Hem Lama spent much of his childhood in Burma (now Myanmar) although his roots lie in Bhojpur. Returning to Nepal in 1965, he became the treasurer of the All Nepal Lawn Tennis Federation in 1969. He then went on to open his own institute, the popular Hem's Tennis Academy, and has trained countless young and aspiring tennis players over the decades.
His day begins at 5:30 am when he prepares his own breakfast. “I am a teetotaler and I don’t smoke,” he says. He also refrains from eating meat, fish or even eggs. “I think my religious background is responsible for my aversion to meat,” he explains. He is 77, yet it looks like he’s in the prime of his life. He does not stoop; his muscles are still sinewy and there is no hint of fat, nor that most accursed baggage of most Nepali elders – a paunch. As for his stamina, he is engaged in one of the most strenuous of sports throughout the day, teaching tennis to more than a score of young enthusiasts.
So, how does he maintain his youthfulness? Perhaps it is his diet. Two slices of bread with butter or honey, one mug of creamy milk, one boiled potato or carrot, one banana, a piece of cheese, sometimes oats or cornflakes, and yes, fruit juice first and foremost. This then is Hem Lama’s power breakfast and it is his principal meal of the day. At exactly noon, he partakes of a frugal lunch of a little rice and dal. His day is mostly spent playing tennis, his first love, and so work is but a pleasure. However, he does like to watch comedies on television and says, “I like Haribansha and Madan Krishna’s comedies as well as ‘Tito Satya’ hosted by Dipak Raj Giri, who has a terrific sense of humor. His political satires are really good.” A man who likes to read regularly, Hem Lama mentions Salman Rushdie’s ‘The Ground beneath our Feet’ and Shiv Khera’s ‘You Can win’ as current favorites. Supper is taken at five in the evening and that too is a small affair. By eight, he is off to bed.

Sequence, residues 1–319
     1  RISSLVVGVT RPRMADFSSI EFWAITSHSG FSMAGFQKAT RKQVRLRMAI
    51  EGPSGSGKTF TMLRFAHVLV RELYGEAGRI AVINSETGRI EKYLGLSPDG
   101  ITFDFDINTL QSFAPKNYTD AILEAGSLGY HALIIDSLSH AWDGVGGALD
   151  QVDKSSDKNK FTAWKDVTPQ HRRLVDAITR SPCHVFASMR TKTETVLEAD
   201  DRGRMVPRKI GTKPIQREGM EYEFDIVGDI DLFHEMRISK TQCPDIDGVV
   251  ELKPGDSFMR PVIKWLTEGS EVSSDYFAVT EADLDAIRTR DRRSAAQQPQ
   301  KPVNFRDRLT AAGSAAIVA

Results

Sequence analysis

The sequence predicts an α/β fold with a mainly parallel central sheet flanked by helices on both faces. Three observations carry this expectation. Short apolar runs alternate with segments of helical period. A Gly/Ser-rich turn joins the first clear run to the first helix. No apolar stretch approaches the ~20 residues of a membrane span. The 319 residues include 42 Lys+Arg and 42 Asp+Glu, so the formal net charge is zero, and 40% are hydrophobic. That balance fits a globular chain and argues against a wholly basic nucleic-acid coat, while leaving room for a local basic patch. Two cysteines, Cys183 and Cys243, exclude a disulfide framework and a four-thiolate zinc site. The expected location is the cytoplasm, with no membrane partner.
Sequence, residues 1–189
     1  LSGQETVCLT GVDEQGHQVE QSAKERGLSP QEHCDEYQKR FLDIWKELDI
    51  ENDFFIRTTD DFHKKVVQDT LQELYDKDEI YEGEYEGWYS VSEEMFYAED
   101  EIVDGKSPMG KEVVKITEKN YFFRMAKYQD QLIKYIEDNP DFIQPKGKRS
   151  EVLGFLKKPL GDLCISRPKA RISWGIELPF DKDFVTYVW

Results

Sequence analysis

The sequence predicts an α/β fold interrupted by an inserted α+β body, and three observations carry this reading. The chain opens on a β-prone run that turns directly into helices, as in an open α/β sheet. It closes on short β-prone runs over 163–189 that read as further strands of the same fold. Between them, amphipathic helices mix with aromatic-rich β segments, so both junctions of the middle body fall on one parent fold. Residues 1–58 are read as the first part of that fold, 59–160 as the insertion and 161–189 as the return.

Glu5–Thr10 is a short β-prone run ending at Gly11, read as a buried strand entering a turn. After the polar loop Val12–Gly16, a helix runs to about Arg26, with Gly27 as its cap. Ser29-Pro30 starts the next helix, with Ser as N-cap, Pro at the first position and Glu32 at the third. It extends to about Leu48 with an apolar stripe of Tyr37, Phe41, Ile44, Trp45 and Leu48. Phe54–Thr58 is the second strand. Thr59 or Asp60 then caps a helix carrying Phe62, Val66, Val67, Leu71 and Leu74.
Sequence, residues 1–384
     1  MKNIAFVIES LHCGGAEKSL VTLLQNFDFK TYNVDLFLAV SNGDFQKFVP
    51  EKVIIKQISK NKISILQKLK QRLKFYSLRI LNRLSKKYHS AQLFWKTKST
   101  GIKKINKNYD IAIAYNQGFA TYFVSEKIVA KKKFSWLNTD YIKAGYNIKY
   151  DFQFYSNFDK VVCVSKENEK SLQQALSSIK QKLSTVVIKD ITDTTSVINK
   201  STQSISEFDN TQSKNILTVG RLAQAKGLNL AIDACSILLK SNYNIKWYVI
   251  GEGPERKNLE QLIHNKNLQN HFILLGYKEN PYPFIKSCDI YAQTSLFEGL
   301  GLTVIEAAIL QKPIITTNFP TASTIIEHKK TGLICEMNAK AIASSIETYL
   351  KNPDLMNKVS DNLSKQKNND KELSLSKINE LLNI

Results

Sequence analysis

“I want people to know more about my tennis academy than about me,” declares Hem Bahadur Lama, founder/director of Hem’s Tennis Academy (HTA), perhaps the only such academy in the country. Such an institute wouldn’t have been possible without the single minded commitment of the man who is essentially, its sole driving force. Hem’s Tennis Academy is located at 270 Tukucha Marg of Gairidhara - in fact on the premises of his own home. The house itself is spartanly furnished and humble in its outlook, truly an apt reflection of the owner, who is among the few to actually follow a life based on the principle of ‘simple living, high thinking.’ Established some 7-8 years ago, the academy has a substantial number of students and a significant number of successes too. The academy’s objective as stated is ‘to impart standard courses and training methodically and systematically to young children ranging in age from 5 to 13 years (admission age to the academy), and to produce tennis champions for Nepal.’
HTA has given ample proof that it is capable of producing champions, as in the year 2002 alone its students bagged 24 trophies and medals in the sub junior and junior categories. Some outstanding players that the academy has produced have represented the country in ITF under-14 events in India, Pakistan, Myanmar, Sri Lanka, Bangladesh, Hong Kong, Thailand and Vietnam. Utsab Rijal is one such champion and he is currently ranked, nationally, among the top five in the men’s division and has recently won a tennis scholarship to attend college in Iowa, USA. Ramesh Karki, another HTA product, is the number one in the juniors (under-18) category and ranked 29th in Asia. Priti Rijal is number one in the under-18 women’s category. In addition, Priti is also among the top three in the senior women’s rankings. There are yet others, both boys and girls, who are shining bright on the tennis horizon of Nepal. These include Gagan Maharjan, Anjana Khadka, Kencho Palden, Shaluni Lama, Shreeja Karki, Sunita Gurung, Meena Gurung, Anushlea Joshi and Rinchen.
Hem Lama was treasurer of All Nepal Lawn Tennis Association (ANLTA) from 1969 to 1980 and president from 1990 to 1993. In between, he was responsible for introducing red-shale clay courts at the HIT center in Koteshwor. So, one could say that Hem Lama is a doyen of the sport in the country. As can be expected of a stern taskmaster like him, entry into his academy is very selective and, ‘based on talent and potential’ alone. Owing to its size, the academy is not able to handle a larger number of students.